How University Endowments Respond to Financial Market Shocks: Evidence and Implications

44 Pages Posted: 5 Apr 2010

See all articles by Jeffrey R. Brown

Jeffrey R. Brown

University of Illinois at Urbana-Champaign - Department of Finance; National Bureau of Economic Research (NBER); University of Illinois College of Law; University of Illinois at Urbana-Champaign - Institute of Government and Public Affairs (IGPA); University of Illinois at Urbana-Champaign - Department of Economics

Stephen G. Dimmock

National University of Singapore; Asian Bureau of Finance and Economic Research (ABFER)

Jun-Koo Kang

Nanyang Technological University (NTU) - Nanyang Business School

Scott J. Weisbenner

University of Illinois at Urbana-Champaign - Department of Finance; National Bureau of Economic Research (NBER)

Date Written: April 2010

Abstract

Endowment payouts have become an increasingly important component of universities’ revenues in recent decades. We test two leading theories of endowment payouts: (1) universities smooth endowment payouts, or (2) universities use endowments as self-insurance against financial shocks. In contrast to both theories, endowments actively reduce payouts relative to their stated payout policies following negative, but not positive, shocks. This asymmetric behavior is consistent with “endowment hoarding,” especially among endowments with values close to the benchmark value at the start of the university president’s tenure. We also document the effect of negative endowment shocks on university operations, including personnel cuts.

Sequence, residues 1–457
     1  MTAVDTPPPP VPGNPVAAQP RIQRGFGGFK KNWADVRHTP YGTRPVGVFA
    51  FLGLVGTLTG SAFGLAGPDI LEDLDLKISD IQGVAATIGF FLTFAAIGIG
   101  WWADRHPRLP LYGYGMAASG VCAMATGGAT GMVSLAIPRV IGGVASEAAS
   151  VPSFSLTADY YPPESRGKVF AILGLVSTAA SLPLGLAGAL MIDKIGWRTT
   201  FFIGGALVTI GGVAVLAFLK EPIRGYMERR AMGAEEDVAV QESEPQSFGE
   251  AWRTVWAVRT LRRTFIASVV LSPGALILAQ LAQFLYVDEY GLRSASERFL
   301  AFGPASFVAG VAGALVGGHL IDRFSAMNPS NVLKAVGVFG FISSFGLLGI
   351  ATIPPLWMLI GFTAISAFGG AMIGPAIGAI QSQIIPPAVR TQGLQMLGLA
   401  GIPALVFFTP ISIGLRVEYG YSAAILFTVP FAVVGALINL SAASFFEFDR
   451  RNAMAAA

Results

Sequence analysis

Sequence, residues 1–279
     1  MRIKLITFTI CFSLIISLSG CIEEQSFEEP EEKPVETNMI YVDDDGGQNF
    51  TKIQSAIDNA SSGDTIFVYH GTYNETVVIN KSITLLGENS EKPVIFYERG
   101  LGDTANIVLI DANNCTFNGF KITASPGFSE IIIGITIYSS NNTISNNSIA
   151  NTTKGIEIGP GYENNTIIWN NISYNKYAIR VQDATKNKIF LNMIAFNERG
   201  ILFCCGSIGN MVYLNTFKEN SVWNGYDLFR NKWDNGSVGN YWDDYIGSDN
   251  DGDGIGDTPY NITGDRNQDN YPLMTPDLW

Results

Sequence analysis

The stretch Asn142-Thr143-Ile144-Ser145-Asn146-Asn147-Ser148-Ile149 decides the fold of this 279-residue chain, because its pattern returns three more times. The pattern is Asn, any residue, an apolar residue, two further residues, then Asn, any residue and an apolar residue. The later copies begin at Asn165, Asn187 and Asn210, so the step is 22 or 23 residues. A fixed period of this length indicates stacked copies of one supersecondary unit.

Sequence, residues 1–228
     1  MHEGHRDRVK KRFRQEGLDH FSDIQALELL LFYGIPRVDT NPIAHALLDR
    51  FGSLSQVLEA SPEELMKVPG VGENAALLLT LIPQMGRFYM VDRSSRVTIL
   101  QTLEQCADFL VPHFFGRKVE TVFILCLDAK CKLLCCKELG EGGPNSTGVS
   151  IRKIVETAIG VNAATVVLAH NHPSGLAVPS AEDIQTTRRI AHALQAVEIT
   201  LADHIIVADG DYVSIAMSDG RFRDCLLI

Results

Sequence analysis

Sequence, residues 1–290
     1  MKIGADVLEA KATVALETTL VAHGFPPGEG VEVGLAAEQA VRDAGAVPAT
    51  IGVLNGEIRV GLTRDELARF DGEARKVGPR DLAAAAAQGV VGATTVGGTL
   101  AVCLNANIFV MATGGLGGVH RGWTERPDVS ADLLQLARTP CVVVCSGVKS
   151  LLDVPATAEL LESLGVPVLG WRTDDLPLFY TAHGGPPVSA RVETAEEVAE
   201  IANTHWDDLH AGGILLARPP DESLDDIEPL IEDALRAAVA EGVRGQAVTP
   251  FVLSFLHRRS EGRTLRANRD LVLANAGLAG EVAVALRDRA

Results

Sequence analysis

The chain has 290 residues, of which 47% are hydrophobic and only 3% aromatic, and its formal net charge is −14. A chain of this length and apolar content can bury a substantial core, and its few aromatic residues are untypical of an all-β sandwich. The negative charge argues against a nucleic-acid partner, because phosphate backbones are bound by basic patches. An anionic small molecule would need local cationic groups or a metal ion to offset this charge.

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Suggested Citation

Brown, Jeffrey R. and Dimmock, Stephen G. and Kang, Jun-Koo and Weisbenner, Scott J., How University Endowments Respond to Financial Market Shocks: Evidence and Implications (April 2010). NBER Working Paper No. w15861, Available at SSRN: https://ssrn.com/abstract=1583802

Jeffrey R. Brown

University of Illinois at Urbana-Champaign - Department of Finance ( email )

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National Bureau of Economic Research (NBER) ( email )

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University of Illinois College of Law ( email )

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University of Illinois at Urbana-Champaign - Institute of Government and Public Affairs (IGPA) ( email )

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University of Illinois at Urbana-Champaign - Department of Economics ( email )

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Stephen G. Dimmock

National University of Singapore ( email )

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Jun-Koo Kang

Nanyang Technological University (NTU) - Nanyang Business School ( email )

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Scott J. Weisbenner

University of Illinois at Urbana-Champaign - Department of Finance ( email )

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